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Keywords:

  • brief outpatient assessments;
  • establishing operations;
  • noncompliance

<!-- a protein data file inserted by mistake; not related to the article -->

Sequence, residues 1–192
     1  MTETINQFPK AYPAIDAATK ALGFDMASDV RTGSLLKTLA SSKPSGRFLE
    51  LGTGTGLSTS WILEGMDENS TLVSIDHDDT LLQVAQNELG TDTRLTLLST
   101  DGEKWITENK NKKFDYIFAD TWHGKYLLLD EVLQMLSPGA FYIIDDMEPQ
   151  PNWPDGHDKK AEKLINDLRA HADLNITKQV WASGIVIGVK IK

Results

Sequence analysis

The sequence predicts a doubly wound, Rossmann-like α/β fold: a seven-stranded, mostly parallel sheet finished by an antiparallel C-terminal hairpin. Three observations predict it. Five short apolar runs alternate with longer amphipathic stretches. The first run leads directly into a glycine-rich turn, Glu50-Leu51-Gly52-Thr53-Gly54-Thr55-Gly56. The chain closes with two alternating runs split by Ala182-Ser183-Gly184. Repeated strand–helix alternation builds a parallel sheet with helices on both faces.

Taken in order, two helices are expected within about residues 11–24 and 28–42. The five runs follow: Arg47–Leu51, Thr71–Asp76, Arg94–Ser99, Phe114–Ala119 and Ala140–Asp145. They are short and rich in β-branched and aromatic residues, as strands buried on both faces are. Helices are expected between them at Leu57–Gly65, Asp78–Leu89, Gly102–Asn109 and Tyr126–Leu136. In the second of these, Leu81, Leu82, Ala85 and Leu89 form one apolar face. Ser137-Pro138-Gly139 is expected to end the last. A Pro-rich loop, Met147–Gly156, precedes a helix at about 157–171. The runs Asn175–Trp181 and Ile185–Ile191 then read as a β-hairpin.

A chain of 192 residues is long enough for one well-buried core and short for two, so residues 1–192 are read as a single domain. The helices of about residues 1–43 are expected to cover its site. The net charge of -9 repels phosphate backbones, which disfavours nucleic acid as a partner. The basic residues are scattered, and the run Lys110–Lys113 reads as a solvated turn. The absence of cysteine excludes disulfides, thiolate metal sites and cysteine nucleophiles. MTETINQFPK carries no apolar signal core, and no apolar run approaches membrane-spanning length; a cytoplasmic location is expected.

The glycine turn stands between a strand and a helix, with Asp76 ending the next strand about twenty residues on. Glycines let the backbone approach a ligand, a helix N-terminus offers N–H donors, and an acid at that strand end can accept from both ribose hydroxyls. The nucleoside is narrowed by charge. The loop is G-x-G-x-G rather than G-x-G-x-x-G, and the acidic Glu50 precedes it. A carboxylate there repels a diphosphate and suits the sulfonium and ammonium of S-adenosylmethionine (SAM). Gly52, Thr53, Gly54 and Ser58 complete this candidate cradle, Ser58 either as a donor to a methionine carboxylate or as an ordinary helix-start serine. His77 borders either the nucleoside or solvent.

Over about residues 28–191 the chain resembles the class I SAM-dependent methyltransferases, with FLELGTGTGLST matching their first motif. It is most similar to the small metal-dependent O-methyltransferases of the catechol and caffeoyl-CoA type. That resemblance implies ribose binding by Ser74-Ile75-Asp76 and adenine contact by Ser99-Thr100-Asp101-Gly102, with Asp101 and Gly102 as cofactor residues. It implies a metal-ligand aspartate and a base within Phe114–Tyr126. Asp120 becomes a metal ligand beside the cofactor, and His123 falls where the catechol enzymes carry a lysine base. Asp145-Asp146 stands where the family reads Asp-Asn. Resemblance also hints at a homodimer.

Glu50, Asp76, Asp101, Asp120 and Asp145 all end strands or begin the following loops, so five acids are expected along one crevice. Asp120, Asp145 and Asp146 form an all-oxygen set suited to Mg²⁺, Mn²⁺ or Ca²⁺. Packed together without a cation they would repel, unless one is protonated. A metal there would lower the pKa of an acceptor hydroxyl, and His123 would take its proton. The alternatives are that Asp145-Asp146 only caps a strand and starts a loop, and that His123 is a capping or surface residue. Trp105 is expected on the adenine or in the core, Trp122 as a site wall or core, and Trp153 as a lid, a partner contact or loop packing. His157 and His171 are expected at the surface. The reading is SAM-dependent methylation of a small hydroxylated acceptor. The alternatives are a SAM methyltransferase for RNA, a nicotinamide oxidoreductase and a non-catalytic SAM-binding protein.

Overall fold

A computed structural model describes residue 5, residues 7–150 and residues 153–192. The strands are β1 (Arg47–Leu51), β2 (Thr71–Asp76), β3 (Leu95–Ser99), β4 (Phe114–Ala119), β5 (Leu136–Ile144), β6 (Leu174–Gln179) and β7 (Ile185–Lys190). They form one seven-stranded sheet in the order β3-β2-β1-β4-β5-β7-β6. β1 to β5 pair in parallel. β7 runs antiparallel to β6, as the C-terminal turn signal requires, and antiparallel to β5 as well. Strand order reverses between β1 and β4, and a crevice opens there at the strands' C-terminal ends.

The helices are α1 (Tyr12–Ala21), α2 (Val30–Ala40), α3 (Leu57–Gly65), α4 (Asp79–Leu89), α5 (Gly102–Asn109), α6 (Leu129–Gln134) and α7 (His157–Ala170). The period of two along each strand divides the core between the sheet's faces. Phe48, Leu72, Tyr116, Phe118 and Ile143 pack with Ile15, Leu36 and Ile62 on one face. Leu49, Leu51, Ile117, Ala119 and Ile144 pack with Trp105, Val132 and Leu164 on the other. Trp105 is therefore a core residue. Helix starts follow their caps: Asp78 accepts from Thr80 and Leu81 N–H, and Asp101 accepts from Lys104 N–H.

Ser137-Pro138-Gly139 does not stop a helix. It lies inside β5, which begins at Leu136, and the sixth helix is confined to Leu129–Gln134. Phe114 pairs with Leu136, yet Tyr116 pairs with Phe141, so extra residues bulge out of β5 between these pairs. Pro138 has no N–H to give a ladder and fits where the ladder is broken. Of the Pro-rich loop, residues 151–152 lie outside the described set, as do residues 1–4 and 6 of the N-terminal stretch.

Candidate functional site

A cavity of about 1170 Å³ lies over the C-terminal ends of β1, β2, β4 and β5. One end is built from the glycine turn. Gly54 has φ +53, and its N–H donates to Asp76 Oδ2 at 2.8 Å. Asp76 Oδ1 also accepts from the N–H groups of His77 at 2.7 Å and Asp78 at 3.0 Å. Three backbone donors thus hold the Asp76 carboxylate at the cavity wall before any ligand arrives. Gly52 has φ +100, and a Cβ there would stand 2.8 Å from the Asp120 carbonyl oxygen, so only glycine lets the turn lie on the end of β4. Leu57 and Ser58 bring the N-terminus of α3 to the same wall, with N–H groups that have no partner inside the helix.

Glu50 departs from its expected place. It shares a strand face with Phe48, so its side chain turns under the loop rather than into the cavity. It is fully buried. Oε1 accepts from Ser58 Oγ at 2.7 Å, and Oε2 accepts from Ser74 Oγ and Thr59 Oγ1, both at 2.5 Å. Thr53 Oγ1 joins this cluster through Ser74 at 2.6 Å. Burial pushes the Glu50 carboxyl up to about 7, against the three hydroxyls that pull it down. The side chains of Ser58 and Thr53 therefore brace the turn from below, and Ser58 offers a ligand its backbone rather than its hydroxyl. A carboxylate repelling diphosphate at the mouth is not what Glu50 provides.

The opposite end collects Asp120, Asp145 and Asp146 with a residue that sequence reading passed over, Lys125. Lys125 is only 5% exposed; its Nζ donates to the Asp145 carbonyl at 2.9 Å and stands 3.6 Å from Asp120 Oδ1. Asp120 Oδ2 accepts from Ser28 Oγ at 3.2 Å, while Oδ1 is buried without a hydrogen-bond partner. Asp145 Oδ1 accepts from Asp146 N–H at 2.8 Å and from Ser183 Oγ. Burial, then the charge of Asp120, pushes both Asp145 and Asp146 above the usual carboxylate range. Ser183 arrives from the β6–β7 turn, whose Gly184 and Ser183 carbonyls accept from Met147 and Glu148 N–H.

Several studies have shown that various factors can influence noncompliance, including task novelty, rate of presentation, and task preference. This study examined the impact of selected antecedent variables on noncompliance in an outpatient clinic setting. In two experiments involving 6 typically developing children, the consequences for noncompliance remained constant. During Experiment 1, demands that included noncontingent access to adult attention were contrasted with the same demands that did not include attention within a multielement design. In Experiment 2, demands were altered by decreasing the difficulty or amount of work or providing access to attention. In both experiments, results indicated idiosyncratic responses to the manipulated variables, with decreases in noncompliance observed following introduction of one or more antecedent variables with 5 of the 6 participants. These results suggested that noncompliance can be reduced via changes in antecedent variables, including adding potential positive reinforcers to the task situation, and that it is possible to probe variables that alter noncompliance in an outpatient clinic setting.